A Chain Reaction in Conveyancing Transactions When you sell or purchase a property, it may become apparent at some point during the transaction that there is a chain either above, below or both. “The property chain is when homebuyers and sellers...
12 Stages of Conveyancing - A First Time Buyers Guide
- AuthorArlie Asbury
In her latest blog, Arlie, a Licenced Conveyancer in our Residential Property Department talks First Time Buyers through the legal stages of buying their first home.
12 Stages of Conveyancing – A First Time Buyers Guide
1. Your offer on your new home has been accepted
Congratulations! You will now want to research and get quotes from various Solicitors to find the right one to look after your purchase. Be aware though, the cheapest quote will not always mean the best service and that some high volume/quick turnaround firms will almost always have hidden fees so your quote may look like a good deal, but may turn out to be more expensive than a trusted high street firm like Fishers.
2. Instruct your Conveyancer
Once you have decided on your solicitor, they will send some initial paperwork to you to complete. This will usually their terms of business, a personal information questionnaire, information regarding your proof of funds and also your stamp duty obligations. First time buyers buying properties up to the value of £300,000 no longer pay stamp duty. You will need to complete, sign and return these papers.
3. Payment of upfront fees
Your conveyancer will need an upfront fee of around £350 for any disbursements. These are any fees that are paid out on your behalf for things like an electronic ID checks; office copies and searches. You will then be billed for the legal fees on completion of the matter. As mentioned above, first time buyers buying properties up to the value of £300,000 no longer have to pay stamp duty. However if your new home is more than £300k you will be asked to send funds to cover the Stamp Duty to your solicitor before completion.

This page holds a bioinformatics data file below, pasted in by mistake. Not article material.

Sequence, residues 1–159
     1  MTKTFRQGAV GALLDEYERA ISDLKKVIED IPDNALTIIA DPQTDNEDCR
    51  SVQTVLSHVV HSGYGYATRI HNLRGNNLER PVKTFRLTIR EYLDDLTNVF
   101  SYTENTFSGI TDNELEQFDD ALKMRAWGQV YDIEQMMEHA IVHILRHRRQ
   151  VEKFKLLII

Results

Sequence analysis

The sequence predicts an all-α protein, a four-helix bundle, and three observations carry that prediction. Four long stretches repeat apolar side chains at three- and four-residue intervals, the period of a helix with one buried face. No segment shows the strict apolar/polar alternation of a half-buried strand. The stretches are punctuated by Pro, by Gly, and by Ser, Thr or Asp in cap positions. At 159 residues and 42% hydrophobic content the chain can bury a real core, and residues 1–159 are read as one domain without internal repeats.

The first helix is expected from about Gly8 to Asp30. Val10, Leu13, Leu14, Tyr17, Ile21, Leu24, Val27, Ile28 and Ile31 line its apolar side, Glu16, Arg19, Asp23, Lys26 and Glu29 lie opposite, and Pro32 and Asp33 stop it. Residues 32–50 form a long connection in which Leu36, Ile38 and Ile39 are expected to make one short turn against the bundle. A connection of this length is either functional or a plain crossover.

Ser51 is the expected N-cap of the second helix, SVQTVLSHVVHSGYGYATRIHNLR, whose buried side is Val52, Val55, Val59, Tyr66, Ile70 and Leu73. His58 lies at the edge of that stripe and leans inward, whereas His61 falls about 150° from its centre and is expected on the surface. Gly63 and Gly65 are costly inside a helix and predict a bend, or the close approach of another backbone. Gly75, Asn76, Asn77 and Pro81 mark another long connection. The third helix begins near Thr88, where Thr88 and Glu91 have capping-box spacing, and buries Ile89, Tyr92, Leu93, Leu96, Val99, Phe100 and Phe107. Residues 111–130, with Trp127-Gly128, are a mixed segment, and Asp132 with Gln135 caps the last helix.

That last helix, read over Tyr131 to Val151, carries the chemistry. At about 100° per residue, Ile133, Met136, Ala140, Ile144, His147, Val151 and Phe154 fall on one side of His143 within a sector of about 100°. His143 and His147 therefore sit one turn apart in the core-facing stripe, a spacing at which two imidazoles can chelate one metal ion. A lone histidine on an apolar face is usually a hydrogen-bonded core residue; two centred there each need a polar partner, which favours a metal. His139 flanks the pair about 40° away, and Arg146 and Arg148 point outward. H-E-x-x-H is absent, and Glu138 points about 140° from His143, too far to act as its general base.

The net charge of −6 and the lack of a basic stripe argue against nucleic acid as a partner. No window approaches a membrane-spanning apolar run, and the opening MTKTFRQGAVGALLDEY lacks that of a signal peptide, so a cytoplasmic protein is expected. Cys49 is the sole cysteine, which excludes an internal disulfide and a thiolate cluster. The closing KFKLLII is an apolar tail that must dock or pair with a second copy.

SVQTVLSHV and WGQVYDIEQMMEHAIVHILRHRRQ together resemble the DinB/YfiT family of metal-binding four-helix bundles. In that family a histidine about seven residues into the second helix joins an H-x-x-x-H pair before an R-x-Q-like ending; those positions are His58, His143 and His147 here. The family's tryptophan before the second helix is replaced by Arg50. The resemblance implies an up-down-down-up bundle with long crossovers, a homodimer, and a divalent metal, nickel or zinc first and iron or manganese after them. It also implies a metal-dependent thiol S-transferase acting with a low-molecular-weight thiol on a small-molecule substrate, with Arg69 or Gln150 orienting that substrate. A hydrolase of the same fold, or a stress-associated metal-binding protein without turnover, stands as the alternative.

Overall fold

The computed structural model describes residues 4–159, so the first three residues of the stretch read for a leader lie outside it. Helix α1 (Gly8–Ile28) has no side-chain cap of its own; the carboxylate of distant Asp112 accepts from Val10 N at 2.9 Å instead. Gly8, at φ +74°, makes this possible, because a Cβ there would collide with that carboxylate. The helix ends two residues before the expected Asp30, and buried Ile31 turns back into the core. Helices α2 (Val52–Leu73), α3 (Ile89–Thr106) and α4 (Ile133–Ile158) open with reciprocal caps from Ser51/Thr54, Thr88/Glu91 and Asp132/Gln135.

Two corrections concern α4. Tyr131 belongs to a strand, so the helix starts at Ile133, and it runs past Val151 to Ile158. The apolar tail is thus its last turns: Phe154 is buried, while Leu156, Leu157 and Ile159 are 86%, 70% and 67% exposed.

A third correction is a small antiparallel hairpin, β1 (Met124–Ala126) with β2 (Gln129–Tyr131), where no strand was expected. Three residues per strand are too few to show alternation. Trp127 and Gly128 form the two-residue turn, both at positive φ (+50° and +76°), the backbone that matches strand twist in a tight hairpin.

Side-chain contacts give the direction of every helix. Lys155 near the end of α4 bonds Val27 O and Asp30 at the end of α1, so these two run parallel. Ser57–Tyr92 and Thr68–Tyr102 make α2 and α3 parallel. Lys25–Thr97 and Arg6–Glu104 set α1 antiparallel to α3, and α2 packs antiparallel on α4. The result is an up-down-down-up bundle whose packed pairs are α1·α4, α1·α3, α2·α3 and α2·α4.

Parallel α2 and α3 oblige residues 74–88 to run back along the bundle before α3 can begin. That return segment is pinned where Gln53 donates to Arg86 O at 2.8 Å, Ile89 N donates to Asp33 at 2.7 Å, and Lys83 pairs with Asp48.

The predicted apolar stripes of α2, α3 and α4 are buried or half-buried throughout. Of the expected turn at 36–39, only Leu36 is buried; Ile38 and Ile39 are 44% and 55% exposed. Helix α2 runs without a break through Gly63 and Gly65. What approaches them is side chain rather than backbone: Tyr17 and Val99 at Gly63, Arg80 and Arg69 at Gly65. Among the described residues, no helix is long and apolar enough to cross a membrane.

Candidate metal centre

4. Contracts are issued
Once the contracts and property information forms arrive, from the vendors, these will be checked by your conveyancer. If necessary, any enquiries will be raised and passed to the vendors’ lawyers to ensure a swift registration of the property into your name at the Land Registry on completion.
5. Property Searches
If you are applying for a mortgage, it will be a condition of your mortgage offer that searches are carried out on the property before we are able to draw down funds from your lender. In addition to that the searches provide valuable, updated information about the property and its surrounding areas that you may well be interested in. The searches include a local authority search, a water and drainage search, an environmental search, and possibly a coal mining search should this be required.
6. Mortgage offer arrives
Once your mortgage offer arrives, this will need to be checked to ensure it is in line with the contract documentation and also that we can meet any mortgage conditions within the offer. This will then be reported to you and you will be asked to sign a mortgage deed.